Italy’s Trump

J.R. Mucciolo, Loyola:

As we enter the third week of Donald Trump’s presidency, Americans have already gotten a taste of just how expectedly unpredictable their new Commander-in-Chief will be. Over the course of the election cycle, Trump ran a campaign that seemed to contradict most existing political norms, and if there is anything that we can count on, this will not be a conventional presidency, as evidenced in part by Trump’s apparent disdain for the political establishment which he now leads. Given the lack of precedent in American history for a political personality like that of Donald Trump, citizens and pundits alike have struggled to anticipate how the president’s agenda will be shaped over the next four years, or even what his next immediate action will be.

In the absence of a figure in American politics that would help us to better predict Trump’s term, we must look abroad to find historic examples of what Trump may have in store for this country. Of these, one model that closely resembles the rise of Donald Trump may be Italy’s experience with Silvio Berlusconi, who was the country’s prime minister for nine years between 1994 and 2011. The similarities between the two are evident in both their personalities and their policies, and while there certainly may not be an exact means of calculating what the next four years will hold, Berlusconi’s premiership may offer the closest blueprint.

Much like his American counterpart, former Prime Minister Berlusconi is a man of incredible wealth who first rose to Italy’s highest office in 1994 with an anti-political campaign whilst riding a wave of populism. The movement was born largely in response to judicial proceedings that had more or less consumed Italy’s leading parties.  Despite their wealth, both men have managed to maintain their association with the common man; Berlusconi has been described as “the guy everybody is fond of at the local bar, whose stories of money and women, know matter how inflated, make everyone laugh.” Similarly, key to Trump’s victory was his ability to relate to the “aggrieved outsider,” as he “aligned more with the cultural sensibilities of blue-collar whites than with his peers in society.”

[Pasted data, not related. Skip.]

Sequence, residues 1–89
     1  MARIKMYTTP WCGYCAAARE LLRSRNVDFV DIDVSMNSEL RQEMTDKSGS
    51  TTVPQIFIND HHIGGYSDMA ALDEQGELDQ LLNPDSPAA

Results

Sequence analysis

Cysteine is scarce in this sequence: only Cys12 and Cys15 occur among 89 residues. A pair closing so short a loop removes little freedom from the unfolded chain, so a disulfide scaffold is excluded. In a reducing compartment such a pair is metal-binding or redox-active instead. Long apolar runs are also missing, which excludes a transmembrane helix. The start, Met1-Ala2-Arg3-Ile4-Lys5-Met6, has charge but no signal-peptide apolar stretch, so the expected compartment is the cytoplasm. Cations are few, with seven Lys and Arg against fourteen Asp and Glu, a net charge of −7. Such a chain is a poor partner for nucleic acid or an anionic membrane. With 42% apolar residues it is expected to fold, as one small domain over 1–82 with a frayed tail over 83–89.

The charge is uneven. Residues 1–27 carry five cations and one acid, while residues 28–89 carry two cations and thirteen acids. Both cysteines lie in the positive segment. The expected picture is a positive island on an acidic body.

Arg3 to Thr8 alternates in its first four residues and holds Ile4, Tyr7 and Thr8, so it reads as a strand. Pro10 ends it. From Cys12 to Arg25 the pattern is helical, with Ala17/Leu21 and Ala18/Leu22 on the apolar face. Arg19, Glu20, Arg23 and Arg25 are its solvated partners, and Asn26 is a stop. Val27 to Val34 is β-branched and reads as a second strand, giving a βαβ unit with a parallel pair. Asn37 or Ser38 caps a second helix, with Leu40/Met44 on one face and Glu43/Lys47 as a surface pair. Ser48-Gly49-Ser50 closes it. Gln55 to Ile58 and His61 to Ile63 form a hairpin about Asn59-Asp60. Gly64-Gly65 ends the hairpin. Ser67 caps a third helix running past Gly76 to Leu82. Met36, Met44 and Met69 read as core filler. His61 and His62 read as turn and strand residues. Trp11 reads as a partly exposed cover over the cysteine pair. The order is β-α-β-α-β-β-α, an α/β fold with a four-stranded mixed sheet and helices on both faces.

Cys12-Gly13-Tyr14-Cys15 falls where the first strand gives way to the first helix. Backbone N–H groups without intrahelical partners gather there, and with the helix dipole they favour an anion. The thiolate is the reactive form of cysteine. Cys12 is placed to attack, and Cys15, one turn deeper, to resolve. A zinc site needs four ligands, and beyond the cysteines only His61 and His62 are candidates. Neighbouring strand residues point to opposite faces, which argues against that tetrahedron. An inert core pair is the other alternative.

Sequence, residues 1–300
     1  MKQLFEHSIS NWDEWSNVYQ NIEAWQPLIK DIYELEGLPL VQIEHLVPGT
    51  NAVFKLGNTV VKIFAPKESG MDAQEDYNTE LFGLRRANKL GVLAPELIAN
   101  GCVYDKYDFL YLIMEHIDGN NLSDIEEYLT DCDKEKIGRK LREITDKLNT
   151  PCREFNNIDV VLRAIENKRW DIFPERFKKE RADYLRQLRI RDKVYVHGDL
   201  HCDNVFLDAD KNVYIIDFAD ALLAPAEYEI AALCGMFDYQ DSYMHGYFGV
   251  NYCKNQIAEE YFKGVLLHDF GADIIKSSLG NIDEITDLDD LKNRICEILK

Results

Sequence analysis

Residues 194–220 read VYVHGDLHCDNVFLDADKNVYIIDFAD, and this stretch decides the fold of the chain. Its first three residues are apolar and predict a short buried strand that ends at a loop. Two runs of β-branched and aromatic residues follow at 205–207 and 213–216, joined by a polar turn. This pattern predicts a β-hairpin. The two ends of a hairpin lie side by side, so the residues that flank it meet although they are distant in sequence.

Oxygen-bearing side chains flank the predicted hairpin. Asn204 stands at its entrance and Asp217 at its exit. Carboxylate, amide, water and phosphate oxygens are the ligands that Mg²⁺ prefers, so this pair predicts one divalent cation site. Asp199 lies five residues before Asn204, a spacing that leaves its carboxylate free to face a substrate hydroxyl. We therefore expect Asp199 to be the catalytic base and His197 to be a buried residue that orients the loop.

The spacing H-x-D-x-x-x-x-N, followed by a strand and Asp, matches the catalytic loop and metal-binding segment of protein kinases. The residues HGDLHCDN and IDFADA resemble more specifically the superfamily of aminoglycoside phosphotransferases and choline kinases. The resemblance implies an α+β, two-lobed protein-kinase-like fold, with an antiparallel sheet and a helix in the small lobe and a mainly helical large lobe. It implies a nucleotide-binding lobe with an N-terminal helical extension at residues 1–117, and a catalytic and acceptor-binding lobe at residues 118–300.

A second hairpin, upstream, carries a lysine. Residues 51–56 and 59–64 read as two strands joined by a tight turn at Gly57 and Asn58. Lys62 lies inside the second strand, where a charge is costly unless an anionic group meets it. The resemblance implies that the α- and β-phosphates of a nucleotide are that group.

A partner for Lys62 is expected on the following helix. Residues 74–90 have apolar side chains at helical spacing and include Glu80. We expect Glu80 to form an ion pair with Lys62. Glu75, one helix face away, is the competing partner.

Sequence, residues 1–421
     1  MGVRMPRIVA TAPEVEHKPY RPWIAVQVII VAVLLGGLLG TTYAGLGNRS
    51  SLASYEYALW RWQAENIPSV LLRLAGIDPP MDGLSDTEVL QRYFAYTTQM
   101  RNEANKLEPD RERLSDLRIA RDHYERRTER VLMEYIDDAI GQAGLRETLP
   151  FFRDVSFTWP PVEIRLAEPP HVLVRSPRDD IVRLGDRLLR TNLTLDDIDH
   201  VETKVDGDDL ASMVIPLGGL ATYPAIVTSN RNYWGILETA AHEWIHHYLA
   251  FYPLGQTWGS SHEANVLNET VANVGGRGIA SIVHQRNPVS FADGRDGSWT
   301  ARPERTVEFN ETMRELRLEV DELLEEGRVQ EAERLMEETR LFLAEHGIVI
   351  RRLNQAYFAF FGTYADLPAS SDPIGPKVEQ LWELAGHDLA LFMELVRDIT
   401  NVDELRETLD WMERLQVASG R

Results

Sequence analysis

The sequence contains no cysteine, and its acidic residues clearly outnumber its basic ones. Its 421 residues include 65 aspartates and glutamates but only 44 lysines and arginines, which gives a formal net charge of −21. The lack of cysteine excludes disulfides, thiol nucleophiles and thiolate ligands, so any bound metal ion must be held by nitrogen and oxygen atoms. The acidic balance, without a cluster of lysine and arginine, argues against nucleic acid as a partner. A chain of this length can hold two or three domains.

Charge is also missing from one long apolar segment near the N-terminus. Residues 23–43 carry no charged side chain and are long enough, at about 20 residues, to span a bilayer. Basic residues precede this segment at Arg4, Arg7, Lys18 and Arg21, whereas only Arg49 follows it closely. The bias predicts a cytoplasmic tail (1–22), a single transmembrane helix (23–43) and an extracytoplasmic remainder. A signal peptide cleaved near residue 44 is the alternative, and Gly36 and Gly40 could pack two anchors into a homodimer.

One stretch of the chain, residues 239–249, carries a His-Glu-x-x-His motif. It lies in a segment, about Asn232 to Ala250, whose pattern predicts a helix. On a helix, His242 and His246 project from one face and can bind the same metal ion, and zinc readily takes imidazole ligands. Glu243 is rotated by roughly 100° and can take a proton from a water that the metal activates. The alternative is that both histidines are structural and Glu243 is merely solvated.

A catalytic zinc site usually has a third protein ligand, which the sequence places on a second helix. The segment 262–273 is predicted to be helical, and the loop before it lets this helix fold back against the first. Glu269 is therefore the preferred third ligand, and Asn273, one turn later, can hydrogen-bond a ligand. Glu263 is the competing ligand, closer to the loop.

One of the most notable aspects of Donald Trump’s atypical campaign was his often ridiculed, but effective utilization of Twitter, “which garner[s] enormous media coverage and allow[s] Trump to drive his message home.” Berlusconi, on the other hand, was the beneficiary of his monopolization of the Italian media industry. This ownership of several Italian media outlets allowed Berlusconi to constantly promote his policies and spin media coverage in his favor. This was a vital tool for Berlusconi throughout his tenure, and one would expect Donald Trump to similarly utilize his tool of choice, Twitter, throughout his term in as his own means of managing the news cycle.

However, much like Trump’s many business dealings, Berlusconi’s proprietorship of various media outlets represented a significant conflict of interest that, along with other legal battles, dragged Berlusconi to court for years. Just as Trump dramatically paraded the mounds of paperwork that terminated his ties to his many companies at a recent press conference, “Mr. Berlusconi resigned all his executive positions and directorships and pledged to have no day-to-day involvement in running the business.” But, like Trump, “he did not divest…[the] result [of which] was an unending series of scandals.” The groundwork for similarly dogging troubles has been laid for Trump, as he has already been named in a plethora law suits for his conflicts of interest. It remains to be seen what further action President Trump plans on taking to further remove himself from his businesses; regardless, he may not be able to shake the constant inquiries into the ethical dilemmas that his numerous interests pose.